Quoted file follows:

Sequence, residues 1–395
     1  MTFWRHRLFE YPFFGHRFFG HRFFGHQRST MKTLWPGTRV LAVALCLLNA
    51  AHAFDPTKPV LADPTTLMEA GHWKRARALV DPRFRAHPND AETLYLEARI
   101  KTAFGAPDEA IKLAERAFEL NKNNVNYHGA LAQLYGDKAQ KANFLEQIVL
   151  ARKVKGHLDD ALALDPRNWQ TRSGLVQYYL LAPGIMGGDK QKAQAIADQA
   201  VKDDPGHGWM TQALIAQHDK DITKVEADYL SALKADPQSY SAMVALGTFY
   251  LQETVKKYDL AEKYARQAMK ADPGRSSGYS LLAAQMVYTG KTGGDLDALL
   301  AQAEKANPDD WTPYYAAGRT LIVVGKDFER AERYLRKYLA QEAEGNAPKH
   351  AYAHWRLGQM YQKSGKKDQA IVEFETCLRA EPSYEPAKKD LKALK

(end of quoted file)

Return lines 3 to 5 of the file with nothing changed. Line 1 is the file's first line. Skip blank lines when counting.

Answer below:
    51  AHAFDPTKPV LADPTTLMEA GHWKRARALV DPRFRAHPND AETLYLEARI
   101  KTAFGAPDEA IKLAERAFEL NKNNVNYHGA LAQLYGDKAQ KANFLEQIVL
   151  ARKVKGHLDD ALALDPRNWQ TRSGLVQYYL LAPGIMGGDK QKAQAIADQA